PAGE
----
Therapeutic drug monitoring (TDM) is important in optimizing use of biologics in inflammatory bowel diseases (IBD). However, the role of proactive TDM during remission remains uncertain.
This retrospective study included patients receiving infliximab (IFX) therapy at Massachusetts General Hospital or Erasmus University Medical Center. All eligible patients had completed induction phase of IFX and were in clinical and endoscopic remission. Our primary outcome was clinical relapse within 2 years after baseline. Multivariable regression models examined the association between infliximab trough levels during remission and relapse, need for IBD-related surgery or hospitalization.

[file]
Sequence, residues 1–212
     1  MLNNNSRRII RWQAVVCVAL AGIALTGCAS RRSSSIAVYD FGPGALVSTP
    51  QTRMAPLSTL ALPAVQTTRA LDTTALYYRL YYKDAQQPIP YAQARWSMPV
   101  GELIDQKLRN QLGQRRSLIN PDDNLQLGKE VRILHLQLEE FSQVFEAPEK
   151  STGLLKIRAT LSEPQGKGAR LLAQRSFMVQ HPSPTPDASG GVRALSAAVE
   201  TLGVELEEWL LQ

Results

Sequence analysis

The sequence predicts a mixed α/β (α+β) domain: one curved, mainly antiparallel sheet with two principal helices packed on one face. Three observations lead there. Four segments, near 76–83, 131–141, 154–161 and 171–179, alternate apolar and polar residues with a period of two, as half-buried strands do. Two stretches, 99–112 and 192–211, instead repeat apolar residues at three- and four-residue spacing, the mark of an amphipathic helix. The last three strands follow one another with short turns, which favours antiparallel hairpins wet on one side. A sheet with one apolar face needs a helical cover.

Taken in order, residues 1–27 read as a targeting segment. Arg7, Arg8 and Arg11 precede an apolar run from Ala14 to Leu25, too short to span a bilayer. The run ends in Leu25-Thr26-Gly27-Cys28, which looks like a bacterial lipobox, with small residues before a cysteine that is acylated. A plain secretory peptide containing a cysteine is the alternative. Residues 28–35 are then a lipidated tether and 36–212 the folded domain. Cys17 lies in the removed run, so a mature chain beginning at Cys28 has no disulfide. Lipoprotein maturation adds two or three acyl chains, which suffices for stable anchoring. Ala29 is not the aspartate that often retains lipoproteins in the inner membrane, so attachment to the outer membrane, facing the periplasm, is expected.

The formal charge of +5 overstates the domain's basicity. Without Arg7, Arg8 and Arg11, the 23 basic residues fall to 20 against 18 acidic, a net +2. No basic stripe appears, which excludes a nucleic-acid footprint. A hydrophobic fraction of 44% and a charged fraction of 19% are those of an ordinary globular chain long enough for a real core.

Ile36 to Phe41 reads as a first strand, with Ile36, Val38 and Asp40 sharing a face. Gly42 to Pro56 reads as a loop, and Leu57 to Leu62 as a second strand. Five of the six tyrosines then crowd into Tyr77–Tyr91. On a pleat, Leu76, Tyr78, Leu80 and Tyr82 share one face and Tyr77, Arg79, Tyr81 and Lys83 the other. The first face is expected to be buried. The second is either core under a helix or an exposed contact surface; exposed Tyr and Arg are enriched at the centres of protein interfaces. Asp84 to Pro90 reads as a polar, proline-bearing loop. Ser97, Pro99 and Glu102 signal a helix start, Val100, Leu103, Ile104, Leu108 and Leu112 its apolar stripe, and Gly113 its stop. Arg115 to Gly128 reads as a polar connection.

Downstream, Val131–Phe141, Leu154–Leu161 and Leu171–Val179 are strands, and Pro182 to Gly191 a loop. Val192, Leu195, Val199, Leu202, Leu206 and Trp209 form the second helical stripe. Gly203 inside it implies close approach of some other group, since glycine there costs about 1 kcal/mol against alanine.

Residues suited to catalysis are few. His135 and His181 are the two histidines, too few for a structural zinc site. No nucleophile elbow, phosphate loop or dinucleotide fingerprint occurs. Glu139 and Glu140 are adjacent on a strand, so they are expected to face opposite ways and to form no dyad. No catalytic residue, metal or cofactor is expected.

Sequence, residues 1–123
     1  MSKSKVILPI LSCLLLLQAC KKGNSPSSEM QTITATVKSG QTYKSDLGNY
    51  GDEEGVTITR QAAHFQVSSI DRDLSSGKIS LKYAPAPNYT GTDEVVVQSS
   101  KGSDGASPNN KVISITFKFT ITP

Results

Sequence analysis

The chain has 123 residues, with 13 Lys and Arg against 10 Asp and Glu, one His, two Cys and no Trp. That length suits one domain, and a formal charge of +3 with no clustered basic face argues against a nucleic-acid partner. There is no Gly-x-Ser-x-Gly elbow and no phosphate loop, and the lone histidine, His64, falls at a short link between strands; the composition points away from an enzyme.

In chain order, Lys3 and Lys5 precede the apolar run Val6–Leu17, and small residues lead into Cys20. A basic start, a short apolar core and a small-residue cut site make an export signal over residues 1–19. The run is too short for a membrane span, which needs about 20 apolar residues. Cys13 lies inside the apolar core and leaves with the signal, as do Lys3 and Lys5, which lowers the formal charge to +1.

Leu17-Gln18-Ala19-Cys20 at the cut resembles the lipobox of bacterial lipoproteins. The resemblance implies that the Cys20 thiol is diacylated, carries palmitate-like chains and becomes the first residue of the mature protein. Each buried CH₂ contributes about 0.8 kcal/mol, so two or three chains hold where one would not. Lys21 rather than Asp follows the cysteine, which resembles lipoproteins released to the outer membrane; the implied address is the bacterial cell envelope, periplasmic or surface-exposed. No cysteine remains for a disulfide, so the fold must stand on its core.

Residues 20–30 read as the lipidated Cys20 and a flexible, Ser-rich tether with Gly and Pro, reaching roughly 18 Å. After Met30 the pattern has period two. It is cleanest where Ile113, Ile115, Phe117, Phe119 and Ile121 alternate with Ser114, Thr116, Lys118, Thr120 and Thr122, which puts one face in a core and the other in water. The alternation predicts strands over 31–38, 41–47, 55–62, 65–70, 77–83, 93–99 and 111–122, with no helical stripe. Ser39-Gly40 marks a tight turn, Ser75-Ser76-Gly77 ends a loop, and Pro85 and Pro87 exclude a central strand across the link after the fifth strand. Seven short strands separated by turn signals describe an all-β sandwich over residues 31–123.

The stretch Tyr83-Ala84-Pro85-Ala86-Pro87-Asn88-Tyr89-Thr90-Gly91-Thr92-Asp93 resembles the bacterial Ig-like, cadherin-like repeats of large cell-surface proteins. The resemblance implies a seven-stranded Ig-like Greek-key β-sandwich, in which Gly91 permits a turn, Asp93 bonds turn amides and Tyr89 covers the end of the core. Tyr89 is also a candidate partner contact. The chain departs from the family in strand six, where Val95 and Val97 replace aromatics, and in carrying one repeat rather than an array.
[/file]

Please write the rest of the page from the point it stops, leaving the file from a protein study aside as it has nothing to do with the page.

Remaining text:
Our study cohort included 110 patients with IBD (72 CD, 38 UC) on IFX maintenance therapy. In total, 12 patients (10.9%) experienced relapse of disease over 2 years. The mean IFX trough level at baseline was 8.0 µg/mL (± 8.6) and did not differ between the institutions. 49.1% of patients had levels < 5 µg/mL and 2.7% had antibodies to infliximab at baseline. There was no difference in the mean IFX trough levels between patients who relapsed (7.5 µg/mL ± 3.7 µg/mL) over 24 months compared to those who did not (8.1 µg/mL ± 7.9 µg/mL, p = 0.815). On multivariable logistic regression analysis, IFX trough levels at baseline were not associated with relapse of disease over 24 months (OR 1.01, 95% CI 0.93-1.09, p = 0.856).
This retrospective multicenter study provides evidence that IFX trough levels during quiescent disease do not predict relapse over 2 years, suggestive that proactive TDM in this setting is not warranted.